More generally, what librarians bring to a school is an expertise of systems, a knowledge of resource gathering, circulating, and administering and, most importantly, of the “big picture” of a school campus. This means that the librarian can connect some of the educational “dots” between disciplines, and work with their classroom colleagues to design articulated lessons that cross subjects. As teachers themselves (most states require school librarians to hold a subject matter credential along with their librarian credential), school librarians can partner up with classroom teachers to teach those important research and technology skills that allow inquiry to blossom.
We are, however, increasingly trying to provide this kind of learning environment in a vacuum. The teacher necessary for providing it—the credentialed school librarian—is missing from more and more schools. In far too many states, library doors are closing, school librarians are being replaced with classified personnel or parent volunteers. In my 25 years of working as a teacher librarian in California, I’ve seen the state slide to an all time low of 804 librarians, which, proportionally speaking, ranks at the bottom of the country. Many students attend schools in which there is no one to teach them how effectively to use the Internet, how to create proper citations, evaluate websites, or locate books. These schools lack the learning commons where students and faculty – and the community – can meet up to delve into the things that have meaning for them. The basic skills of inquiry – “how do I know that this information is useful, reliable, and relevant?" are difficult to answer when the teacher who is best able to assist them with this answer is missing. This void is expanding rapidly across the nation.
School librarians are currently the only credentialed teachers in a school who are routinely replaced with classified personnel and even volunteers. This alarming trend should be discussed now, with our union taking the lead on behalf of their school librarian members. We must ask ourselves what educational opportunities are lost when the school librarian disappears, as is the case in so many schools throughout the U.S.?
The typical answer, when a response is indeed proffered, is that librarians are not needed because “everything is on the internet now” or “you can do your research on Google." This is nonsense. Without librarians, students and educators lose the presence of faculty “at the point of need," the daily professional development and support, and access to valuable resources that cannot be located with simple web searches. And, most importantly, students receive little or no instruction in those skills that are specifically demanded by higher education institutions and the labor market, not to mention the equally important access to the encouragement and advice that a librarian can provide, and the serendipity of discovery that exists on those shelves, and within those books and tools.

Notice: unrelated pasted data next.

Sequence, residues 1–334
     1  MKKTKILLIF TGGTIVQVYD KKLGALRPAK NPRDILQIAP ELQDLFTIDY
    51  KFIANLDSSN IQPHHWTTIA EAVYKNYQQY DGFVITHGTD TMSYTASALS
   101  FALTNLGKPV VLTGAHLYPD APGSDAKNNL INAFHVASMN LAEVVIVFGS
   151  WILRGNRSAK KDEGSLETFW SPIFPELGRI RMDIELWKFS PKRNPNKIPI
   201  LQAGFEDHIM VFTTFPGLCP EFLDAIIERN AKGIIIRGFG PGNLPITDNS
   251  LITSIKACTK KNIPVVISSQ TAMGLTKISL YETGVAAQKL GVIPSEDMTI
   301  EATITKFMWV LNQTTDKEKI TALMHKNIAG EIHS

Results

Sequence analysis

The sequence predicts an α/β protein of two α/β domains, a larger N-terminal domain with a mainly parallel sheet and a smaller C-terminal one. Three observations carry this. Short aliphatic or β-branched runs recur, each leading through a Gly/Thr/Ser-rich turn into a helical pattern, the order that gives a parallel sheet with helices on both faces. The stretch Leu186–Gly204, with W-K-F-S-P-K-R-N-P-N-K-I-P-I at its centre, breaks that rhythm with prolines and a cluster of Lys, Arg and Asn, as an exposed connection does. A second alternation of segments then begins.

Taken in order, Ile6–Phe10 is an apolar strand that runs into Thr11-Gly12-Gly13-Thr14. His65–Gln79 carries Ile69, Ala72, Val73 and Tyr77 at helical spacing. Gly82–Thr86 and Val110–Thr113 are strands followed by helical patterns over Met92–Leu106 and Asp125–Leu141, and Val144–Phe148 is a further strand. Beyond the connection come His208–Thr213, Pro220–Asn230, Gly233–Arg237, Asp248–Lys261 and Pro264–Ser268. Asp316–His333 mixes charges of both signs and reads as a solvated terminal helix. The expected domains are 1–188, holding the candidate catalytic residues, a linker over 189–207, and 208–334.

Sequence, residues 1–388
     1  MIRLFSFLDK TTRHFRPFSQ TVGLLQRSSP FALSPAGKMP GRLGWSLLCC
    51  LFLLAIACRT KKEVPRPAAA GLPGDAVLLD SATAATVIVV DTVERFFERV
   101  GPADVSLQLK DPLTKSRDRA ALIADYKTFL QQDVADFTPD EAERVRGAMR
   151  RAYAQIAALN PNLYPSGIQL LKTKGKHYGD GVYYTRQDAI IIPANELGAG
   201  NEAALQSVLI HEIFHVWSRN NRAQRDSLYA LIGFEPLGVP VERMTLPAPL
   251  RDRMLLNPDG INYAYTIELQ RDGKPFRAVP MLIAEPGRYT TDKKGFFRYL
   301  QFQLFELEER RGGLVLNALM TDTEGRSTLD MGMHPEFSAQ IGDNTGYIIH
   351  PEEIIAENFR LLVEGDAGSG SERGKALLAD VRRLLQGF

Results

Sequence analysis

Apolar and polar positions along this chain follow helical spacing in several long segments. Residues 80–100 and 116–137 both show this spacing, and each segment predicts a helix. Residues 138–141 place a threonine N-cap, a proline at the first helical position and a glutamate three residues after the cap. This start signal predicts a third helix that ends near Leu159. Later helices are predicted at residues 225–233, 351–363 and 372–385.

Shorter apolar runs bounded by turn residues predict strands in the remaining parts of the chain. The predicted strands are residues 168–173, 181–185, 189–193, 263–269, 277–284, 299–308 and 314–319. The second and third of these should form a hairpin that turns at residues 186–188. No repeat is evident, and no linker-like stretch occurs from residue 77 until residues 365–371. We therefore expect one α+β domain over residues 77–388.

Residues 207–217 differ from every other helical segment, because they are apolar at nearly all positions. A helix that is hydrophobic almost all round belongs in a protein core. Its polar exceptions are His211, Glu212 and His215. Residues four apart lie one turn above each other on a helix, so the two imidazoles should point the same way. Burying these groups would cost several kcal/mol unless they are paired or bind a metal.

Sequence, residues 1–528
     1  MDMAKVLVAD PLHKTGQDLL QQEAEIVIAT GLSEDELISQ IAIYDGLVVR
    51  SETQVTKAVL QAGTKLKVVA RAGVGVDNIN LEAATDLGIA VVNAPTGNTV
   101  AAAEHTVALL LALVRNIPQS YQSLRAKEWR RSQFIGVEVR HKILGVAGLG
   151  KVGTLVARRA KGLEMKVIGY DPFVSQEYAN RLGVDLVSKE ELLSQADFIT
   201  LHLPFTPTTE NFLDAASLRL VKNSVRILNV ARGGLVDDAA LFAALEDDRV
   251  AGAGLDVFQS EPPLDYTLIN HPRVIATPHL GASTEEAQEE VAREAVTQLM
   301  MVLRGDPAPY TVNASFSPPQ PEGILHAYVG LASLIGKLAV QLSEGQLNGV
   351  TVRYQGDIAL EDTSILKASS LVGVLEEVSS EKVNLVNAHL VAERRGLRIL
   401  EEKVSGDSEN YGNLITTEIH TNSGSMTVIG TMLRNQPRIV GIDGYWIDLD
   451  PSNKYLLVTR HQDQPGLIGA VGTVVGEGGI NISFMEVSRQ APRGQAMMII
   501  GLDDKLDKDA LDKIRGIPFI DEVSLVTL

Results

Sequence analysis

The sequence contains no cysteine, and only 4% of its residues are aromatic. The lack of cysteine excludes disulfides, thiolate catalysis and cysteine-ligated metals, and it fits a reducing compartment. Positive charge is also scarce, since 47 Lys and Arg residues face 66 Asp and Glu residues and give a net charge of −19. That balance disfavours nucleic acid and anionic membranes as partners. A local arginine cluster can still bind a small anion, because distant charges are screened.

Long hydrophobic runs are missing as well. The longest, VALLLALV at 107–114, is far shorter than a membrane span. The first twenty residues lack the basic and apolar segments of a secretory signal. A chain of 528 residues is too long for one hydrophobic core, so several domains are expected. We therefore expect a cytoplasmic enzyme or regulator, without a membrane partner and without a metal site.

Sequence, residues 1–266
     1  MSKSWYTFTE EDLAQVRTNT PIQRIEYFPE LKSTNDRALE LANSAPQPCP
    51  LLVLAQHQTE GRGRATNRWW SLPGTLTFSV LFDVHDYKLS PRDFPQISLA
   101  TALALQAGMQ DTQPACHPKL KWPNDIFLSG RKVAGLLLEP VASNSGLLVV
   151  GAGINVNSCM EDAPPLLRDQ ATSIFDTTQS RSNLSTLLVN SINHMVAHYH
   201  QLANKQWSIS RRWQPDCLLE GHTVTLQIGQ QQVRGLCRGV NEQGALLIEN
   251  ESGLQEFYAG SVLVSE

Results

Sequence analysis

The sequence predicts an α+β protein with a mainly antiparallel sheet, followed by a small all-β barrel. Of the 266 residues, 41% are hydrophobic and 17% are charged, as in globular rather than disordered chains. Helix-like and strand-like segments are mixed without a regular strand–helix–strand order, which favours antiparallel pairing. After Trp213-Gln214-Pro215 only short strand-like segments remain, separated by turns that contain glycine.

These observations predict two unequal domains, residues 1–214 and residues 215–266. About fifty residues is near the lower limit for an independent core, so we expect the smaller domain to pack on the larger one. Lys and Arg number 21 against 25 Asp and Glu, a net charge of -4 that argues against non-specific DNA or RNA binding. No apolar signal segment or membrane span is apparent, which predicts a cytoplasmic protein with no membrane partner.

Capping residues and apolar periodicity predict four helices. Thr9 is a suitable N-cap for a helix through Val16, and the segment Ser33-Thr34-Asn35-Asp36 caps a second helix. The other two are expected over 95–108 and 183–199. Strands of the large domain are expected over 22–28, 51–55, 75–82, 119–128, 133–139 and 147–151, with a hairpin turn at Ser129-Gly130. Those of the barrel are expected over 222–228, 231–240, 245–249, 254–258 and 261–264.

It’s time for a national discussion about school libraries. Why are school administrators allowed to replace librarians with classified personnel? Why is there no union hue and cry over school libraries closing? Why are libraries considered “support programs” when over 21 state studies have confirmed that the presence of the library team raises student achievement (e.g., Lance and Hofschire 2012; Lance and Schwarz 2012; Achterman 2008)?
As the educational leadership organization that cares the most about reform and student achievement, teacher unions need to take leadership in two areas: 1) educate policymakers at all levels on the value and importance of the school librarian and 2) advocate for changes in law that will protect school librarian positions. These actions would require our union to build the coalitions necessary to create lasting change – and a positive future for all our students.
We know that a robust library program, properly staffed, is an important center for all students. Why are we letting the demise of the school library just….happen? Let’s put this on the union table for discussion today.
- Connie Williams